Steve Prime looks at the G-1200, a Co2 plinker from Gamo

Steve Prime looks at a very un­usual Co2 plinker from Gamo

Air Gunner - - Contents -

It is funny how things evolve. Last month, I wrote about the Cros­man Air, which was an old favourite of a shoot­ing col­league of mine, Ken Glover. On the same evening that we did the photo shoot, he had a lit­tle sur­prise in store for me, a Gamo G-1200, Co2-pow­ered air ri­fle, with pump ac­tion in near per­fect con­di­tion. Ken loves his air ri­fles and is al­ways tin­ker­ing with them - bring­ing back to life some old relics that could eas­ily have found them­selves in a skip. He’s a great be­liever in fin­ish­ing them with a used look about them, rather than a show­piece, but he’d pur­chased the Gamo, in near im­mac­u­late con­di­tion. I say ‘near’ be­cause it was miss­ing its rear sight, and de­spite sev­eral phone calls to Gamo, he’d had no suc­cess in find­ing a gen­uine re­place­ment, but by chance, he laid his hands on an SMK rear sight that fit­ted per­fectly and bought the ri­fle back into full ser­vice. So that ex­plains that side of the story, be­fore you ea­gle-eyed en­thu­si­asts start writ­ing in with the now ob­vi­ous flaw to the pho­to­graphs.

All to­gether

When you are into air­gun­ning, you’re never alone; whether out hunt­ing solo where you are at peace with na­ture and the wilder­ness, or a club shooter among mates and col­leagues. Ev­ery time you pick up an air ri­fle or pis­tol an op­por­tu­nity will arise, and this was cer­tainly the case for the in­spi­ra­tion of this ar­ti­cle. As soon as I laid eyes on the Gamo, I loved its aes­thet­ics; the beech hard­wood stock and the over­all fin­ish was first class. Here stood a ri­fle 38.2 inches long,

“He’s a great be­liever in fin­ish­ing them with a used look about them, rather than a show­piece”

weigh­ing in at 6.4lbs and ca­pa­ble of up to 560 fps - this is not to be sneered at for a multi-shot Co2, and ‘multi-shot’ is the op­er­a­tive word, be­cause the mag’ will hold up to 12 .177 pel­lets. Ken reck­ons that to be safe and pre­vent a block­age, you should only load 10 pel­lets into the mag’ and I will have to take his word for it be­cause un­for­tu­nately, time did not al­low me to shoot it on that par­tic­u­lar evening.

For­eign sights

Hav­ing a closer look re­vealed an 11mm scope rail, front blade sight, with the SMK ad­justable rear sight of­fer­ing a vari­a­tion for height and windage. Gamo re­fer to the orig­i­nal rear sight as ‘a mi­cro­met­ric ad­justable type’ although whether or not this would make a huge dif­fer­ence is some­thing that will re­main a mys­tery to us with the ex­am­ple we have to hand.

The G-1200 is fit­ted with a man­ual safety, a sim­ple yet ef­fec­tive slide­type, found just be­hind the mag­a­zine hous­ing/ load­ing bay. To the front of the load­ing bay is the pump ac­tion op­er­ated sim­ply by a slid­ing ac­tion of not much more than a cou­ple of inches. Once pumped, a small, red square is ac­ti­vated and made vis­i­ble show­ing the shooter that the ri­fle is cocked and ready for ac­tion. Most pump ac­tions need large mus­cles and a vast amount of travel to put the ri­fle into fir­ing mode, but not in this case. The Gamo G-1200 is to­tally user­friendly and a plea­sure to cock - ideal for a ju­nior shooter.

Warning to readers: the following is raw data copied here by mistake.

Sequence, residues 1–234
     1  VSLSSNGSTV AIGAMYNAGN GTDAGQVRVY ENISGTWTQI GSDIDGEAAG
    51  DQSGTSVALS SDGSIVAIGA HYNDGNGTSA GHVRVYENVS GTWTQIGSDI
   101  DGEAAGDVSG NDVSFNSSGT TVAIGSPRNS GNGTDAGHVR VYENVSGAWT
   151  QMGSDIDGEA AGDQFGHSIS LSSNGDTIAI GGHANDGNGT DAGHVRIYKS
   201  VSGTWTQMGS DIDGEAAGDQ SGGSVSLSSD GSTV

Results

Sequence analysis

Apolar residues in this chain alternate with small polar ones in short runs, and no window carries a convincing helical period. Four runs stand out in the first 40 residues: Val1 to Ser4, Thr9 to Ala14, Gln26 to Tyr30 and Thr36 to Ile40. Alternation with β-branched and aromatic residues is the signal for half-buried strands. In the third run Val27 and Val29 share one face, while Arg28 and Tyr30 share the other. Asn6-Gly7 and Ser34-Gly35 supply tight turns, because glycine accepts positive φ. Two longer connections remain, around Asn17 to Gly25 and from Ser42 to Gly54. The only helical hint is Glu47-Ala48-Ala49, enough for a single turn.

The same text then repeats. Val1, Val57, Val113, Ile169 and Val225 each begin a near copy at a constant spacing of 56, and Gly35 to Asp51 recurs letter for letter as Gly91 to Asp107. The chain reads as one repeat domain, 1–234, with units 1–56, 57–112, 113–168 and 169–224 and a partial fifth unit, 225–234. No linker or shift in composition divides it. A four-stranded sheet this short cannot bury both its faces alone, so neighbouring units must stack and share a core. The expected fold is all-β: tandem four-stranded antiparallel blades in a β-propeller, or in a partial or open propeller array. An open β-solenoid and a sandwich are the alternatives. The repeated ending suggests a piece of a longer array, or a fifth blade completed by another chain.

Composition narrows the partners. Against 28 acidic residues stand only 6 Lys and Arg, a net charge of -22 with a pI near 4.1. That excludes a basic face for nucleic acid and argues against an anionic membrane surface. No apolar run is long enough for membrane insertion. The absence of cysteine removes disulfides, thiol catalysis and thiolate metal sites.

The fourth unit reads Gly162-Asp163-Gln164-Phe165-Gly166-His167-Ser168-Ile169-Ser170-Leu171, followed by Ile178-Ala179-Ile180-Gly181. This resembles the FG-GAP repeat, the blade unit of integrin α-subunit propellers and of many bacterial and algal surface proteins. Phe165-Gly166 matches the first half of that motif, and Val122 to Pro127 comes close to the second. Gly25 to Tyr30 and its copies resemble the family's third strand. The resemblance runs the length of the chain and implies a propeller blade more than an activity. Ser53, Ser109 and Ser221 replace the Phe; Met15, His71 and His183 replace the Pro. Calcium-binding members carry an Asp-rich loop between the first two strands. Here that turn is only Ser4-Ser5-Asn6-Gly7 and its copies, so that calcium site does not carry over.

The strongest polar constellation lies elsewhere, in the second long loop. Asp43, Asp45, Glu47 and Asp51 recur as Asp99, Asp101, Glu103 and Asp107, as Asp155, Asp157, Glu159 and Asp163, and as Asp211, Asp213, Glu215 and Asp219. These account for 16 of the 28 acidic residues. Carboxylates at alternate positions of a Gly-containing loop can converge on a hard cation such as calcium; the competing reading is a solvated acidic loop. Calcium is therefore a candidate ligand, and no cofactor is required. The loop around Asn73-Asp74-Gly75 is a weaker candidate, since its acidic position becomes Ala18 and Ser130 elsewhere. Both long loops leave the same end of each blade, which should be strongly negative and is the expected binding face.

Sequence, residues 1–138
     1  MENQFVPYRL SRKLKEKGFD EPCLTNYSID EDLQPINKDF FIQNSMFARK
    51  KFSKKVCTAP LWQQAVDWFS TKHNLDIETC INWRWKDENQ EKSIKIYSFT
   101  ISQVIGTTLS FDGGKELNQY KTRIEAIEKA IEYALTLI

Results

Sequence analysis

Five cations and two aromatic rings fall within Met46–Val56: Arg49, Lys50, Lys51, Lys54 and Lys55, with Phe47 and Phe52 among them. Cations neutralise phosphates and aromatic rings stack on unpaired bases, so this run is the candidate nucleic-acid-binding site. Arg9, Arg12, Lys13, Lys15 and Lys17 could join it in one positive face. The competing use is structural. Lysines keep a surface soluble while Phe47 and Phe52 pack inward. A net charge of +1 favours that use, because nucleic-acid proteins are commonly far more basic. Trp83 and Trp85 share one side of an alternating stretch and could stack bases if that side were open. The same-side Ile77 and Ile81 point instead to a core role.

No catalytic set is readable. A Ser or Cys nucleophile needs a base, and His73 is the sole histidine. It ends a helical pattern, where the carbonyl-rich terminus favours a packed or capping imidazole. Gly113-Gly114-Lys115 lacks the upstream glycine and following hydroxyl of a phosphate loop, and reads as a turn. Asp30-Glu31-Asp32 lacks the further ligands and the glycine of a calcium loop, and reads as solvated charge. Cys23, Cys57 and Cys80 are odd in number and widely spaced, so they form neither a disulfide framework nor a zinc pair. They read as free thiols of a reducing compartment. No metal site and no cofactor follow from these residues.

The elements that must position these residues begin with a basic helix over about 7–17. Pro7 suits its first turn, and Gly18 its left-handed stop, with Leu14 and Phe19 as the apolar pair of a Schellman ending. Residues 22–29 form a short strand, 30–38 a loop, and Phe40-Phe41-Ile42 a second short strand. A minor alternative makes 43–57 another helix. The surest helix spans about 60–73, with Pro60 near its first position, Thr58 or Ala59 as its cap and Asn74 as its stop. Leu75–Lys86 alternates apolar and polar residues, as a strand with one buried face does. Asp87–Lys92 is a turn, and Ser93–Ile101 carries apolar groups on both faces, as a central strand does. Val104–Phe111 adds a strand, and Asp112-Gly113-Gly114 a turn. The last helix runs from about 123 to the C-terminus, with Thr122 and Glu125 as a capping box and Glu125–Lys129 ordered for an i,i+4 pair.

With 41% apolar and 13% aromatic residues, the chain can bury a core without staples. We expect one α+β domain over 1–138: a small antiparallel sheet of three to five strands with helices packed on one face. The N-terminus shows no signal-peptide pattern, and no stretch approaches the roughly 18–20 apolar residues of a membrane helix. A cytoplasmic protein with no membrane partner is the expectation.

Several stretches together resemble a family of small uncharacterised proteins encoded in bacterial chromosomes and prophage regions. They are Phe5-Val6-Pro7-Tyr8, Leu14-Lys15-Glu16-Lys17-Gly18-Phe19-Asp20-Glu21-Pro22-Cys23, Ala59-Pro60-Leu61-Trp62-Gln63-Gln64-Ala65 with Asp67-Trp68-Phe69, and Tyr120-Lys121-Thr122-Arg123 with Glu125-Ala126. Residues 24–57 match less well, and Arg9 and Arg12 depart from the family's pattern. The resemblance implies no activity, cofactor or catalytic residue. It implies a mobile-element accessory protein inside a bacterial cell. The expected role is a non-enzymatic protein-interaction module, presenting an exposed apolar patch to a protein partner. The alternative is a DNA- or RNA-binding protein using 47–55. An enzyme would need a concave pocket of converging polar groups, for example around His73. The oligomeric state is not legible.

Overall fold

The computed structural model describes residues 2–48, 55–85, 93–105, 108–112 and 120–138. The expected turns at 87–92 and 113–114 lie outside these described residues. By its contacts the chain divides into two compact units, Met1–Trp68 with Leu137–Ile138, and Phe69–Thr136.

The bar­rel is of steel con­struc­tion and ri­fled, as with all good-qual­ity air­guns of this mod­ern era. To gas the ri­fle, the 12-gramme cylin­der is placed into the cham­ber, nar­row end first, and pierced in the usual man­ner by hand-tight­en­ing the end screw cap, a method now com­mon with a ma­jor­ity of Co2 ri­fles and pis­tols.

Quick fire

In sev­eral re­views, au­thors have com­mented that this ri­fle is ideal for close-range ver­min con­trol, as well as for tar­get shoot­ing. ( I dis­agree. Ed.) Hav­ing cocked ( pumped) and shoul­dered it, I can see why be­cause it is well bal­anced and feels ex­tremely com­fort­able with the non-slip plas­tic butt plate lock­ing firmly into the shoul­der. A firm squeeze of the sin­gle-ac­tion trig­ger - which for the record has a pull of ap­prox­i­mately 3.3lbs - a short pump, and the next pel­let is in the breech ready to fire. All in all, it is a well-thought- out and ef­fec­tive mech­a­nism, one that you have to ad­mire, and makes the G-1200 a fun-packed pack­age with se­ri­ous at­ti­tude and sub­tle aes­thet­ics.

I have to take my hat off to the de­sign­ers and engi­neers at Gamo be­cause over the years they have hit the mark with some fab­u­lous air­guns; the Com­pact, PR45 sin­gle­stroke pneu­matic pis­tols, PT 25 and 85 Co2 multi-shot pis­tols, Cadet and Whis­per low-power ri­fles. I have been lucky to have owned, or at least shot, most of them in that list, and it leaves me with an ap­petite to try the PCP and full-power springers they have on of­fer. The con­clu­sion here is that there is al­ways some­thing around the cor­ner to keep an air­gun­ner’s in­ter­est alive.

“I have to take my hat off to the de­sign­ers and engi­neers at Gamo”

Above: Does it have the power and ac­cu­racy for pest con­trol?

Above: The red in­di­ca­tor shows the ri­fle is ready to fire

Above: This SMK rear sight makes a de­cent re­place­ment Above right: It’s not ev­ery­body’s cup of tea but I liked it a lot

Be­low: The mag­a­zine sys­tem is very un­usual

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